Oakland’s response to 2017’s fires has been mixed. Residents of numerous unpermitted warehouse spaces were evicted following Ghost Ship. After the San Pablo Avenue fire, the city ramped up its proactive code inspections program to make residential housing across the city safer. Fire Chief Darin White said at a League of Women Voters event last month that his department has undertaken numerous steps to improve its fire prevention efforts, but he declined to give specifics. The city remains filled with dilapidated homes and apartment buildings ready to go up in flames.

“The greatest toll is exacted from our most marginalized neighbors,” said Jonah Strauss of the Oakland Warehouse Coalition. Strauss sprang into action after the Ghost Ship fire to help tenants improve safety in unpermitted living and arts spaces. After the San Pablo fire, he helped raise money for the displaced residents. But Strauss said the city is doing very little to make sure landlords improve safety. “When poor people of color lose their homes, there is no recourse,” he said.

Oakland firefighters are also critical of the city’s efforts. For example, despite having a major port, Oakland lacks a fire boat, said firefighter and IAFF union Vice President Zac Unger. In addition to fighting fires on the waterfront, the boat would also serve as an emergency pump to feed water to crews as far away as the hills through long hose lines. It could be necessary if there’s another firestorm in the hills. In 1991, some water mains lost pressure. A boat-to-engine backup pumping system would be a useful option.

The city’s Wildfire Prevention Assessment District also expired in June of this year, eliminating a key source of tax revenue used to pay for inspections and vegetation reduction in the hills.

“The money for the district was used up as of the end of June,” said Sue Piper of the Oakland Firesafe Council, a volunteer group. The Firesafe Council lobbied the city to set aside $2 million from the general fund to continue clearing brush in the hills, and to hire five full-time fire inspectors and a fire prevention supervisor. But as of November, the city only had managed to hire the supervisor and one full-time inspector. The understaffing was an ongoing problem during the last 14 years of the district’s existence. “They had the money and authorization, but they didn’t fill the staff positions,” said Piper.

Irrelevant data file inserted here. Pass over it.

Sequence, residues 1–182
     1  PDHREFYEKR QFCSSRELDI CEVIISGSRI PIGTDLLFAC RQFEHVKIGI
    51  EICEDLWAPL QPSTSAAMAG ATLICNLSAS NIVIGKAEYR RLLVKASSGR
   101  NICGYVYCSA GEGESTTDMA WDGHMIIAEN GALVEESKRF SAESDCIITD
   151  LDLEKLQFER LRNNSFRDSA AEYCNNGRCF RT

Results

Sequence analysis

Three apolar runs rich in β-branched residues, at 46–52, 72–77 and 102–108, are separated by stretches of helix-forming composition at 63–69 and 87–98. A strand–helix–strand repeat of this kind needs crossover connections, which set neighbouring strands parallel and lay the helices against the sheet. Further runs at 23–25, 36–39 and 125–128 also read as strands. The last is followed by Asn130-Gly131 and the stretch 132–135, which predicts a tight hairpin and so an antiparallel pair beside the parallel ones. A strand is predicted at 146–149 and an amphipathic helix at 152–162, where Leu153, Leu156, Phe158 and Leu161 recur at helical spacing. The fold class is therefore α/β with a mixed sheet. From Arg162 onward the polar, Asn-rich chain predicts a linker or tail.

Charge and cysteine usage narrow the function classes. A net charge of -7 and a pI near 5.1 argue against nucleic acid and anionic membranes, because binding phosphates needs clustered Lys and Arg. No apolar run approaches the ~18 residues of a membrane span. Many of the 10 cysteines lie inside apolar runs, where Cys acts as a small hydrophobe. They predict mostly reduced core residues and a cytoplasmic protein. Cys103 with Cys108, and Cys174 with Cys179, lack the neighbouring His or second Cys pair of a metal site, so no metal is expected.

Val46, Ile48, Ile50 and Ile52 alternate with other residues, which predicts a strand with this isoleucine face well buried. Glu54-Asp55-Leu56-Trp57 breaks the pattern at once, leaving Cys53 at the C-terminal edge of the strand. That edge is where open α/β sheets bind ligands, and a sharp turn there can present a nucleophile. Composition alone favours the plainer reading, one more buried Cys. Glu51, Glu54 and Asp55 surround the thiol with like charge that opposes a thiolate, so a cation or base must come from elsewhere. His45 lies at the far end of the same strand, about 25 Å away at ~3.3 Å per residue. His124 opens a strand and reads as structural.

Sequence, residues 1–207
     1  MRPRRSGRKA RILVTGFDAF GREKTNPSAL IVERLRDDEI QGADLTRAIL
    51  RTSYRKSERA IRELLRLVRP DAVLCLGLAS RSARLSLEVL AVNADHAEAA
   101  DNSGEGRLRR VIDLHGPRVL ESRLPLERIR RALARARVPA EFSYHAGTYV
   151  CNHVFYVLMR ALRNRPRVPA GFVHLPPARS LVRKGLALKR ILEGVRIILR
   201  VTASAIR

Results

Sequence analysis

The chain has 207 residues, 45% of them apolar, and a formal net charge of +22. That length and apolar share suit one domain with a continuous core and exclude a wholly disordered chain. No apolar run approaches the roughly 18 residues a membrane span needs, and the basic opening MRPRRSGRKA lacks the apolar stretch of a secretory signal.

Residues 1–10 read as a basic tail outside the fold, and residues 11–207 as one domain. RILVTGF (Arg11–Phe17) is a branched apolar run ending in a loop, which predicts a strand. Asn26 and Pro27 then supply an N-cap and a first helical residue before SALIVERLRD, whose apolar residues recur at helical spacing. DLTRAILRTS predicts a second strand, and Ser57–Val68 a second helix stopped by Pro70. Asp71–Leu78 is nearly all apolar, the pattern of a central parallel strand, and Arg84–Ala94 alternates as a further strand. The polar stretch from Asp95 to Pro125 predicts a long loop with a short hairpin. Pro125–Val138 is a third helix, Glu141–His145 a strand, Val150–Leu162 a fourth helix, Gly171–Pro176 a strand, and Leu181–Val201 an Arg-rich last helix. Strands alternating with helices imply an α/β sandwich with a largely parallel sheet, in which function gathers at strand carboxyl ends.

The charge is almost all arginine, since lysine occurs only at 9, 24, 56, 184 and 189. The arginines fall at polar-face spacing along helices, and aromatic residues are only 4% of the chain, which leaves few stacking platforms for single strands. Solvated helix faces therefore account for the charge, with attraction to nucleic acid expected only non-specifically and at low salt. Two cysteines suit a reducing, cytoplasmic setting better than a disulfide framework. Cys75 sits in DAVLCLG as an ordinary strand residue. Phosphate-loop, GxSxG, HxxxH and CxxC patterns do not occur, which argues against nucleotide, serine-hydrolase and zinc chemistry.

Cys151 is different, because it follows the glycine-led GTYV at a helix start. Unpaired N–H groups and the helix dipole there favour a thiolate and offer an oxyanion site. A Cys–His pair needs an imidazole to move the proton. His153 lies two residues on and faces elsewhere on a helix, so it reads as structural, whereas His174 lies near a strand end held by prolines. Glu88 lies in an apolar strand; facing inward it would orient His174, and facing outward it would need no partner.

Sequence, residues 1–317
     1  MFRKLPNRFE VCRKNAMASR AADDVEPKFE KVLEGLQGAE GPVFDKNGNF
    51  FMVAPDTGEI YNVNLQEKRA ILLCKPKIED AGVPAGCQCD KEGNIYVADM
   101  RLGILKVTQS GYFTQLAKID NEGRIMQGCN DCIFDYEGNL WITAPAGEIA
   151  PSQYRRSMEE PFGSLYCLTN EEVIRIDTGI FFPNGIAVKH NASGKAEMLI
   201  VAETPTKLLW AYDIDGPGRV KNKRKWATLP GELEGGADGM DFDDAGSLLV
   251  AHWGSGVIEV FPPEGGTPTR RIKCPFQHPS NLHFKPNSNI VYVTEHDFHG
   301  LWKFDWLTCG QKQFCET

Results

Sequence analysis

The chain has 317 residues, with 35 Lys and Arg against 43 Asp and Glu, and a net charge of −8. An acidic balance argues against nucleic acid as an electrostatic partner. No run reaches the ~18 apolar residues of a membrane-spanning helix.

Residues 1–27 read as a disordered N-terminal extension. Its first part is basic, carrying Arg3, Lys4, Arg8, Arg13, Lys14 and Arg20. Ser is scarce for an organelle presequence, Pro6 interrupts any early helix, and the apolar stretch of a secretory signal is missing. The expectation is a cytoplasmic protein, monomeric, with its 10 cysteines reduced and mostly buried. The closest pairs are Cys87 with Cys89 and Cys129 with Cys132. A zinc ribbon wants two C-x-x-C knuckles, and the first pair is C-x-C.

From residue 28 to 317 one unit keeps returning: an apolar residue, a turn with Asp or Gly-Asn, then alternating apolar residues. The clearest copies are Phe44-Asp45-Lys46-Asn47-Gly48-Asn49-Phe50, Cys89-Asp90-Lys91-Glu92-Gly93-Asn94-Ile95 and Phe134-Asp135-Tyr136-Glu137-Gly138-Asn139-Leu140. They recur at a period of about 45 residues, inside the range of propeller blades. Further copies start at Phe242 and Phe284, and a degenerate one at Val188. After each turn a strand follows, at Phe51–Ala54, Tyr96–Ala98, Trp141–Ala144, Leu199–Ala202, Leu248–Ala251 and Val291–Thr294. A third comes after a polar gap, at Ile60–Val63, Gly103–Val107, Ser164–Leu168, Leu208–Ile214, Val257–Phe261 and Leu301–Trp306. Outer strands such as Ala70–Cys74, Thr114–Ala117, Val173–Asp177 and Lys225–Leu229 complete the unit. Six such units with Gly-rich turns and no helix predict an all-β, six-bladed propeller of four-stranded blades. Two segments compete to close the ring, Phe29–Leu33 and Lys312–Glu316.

And the Oakland Fire Department has yet to complete its vegetation management plan, a roadmap for how to organize and pay for the work of clearing 1,400 acres of city property and 300 miles of roadsides that are covered in flammable grass and brush each year.

But it’s not all bad news. One thing that is working, locally and statewide, is the mutual aid system.

Firefighters from Berkeley were some of the first outside agencies on the scene in Santa Rosa. They saved several homes in Coffey Park and stopped the advance of the Tubbs Fire. Alameda County sheriff’s deputies also responded to help evacuate people and secure fire damaged areas while searching for survivors and victims.

“It was incredible to see not only the volume of fire personnel but law enforcement personnel that were brought in to help us meet our needs,” said Lowenthal about first responder teams that drove up from the Bay Area and beyond to fight fires in Sonoma County.

As of early this week, Santa Rosa had three engines in Southern California fighting fires there. Oakland sent an engine, as did Berkeley and other East Bay cities.

Hopefully, there won’t be another hills firestorm, or a Ghost Ship, or San Pablo. But the natural and social conditions aren’t getting any better. So, mutual aid will likely become even more important as the conditions for urban and wildfires worsen.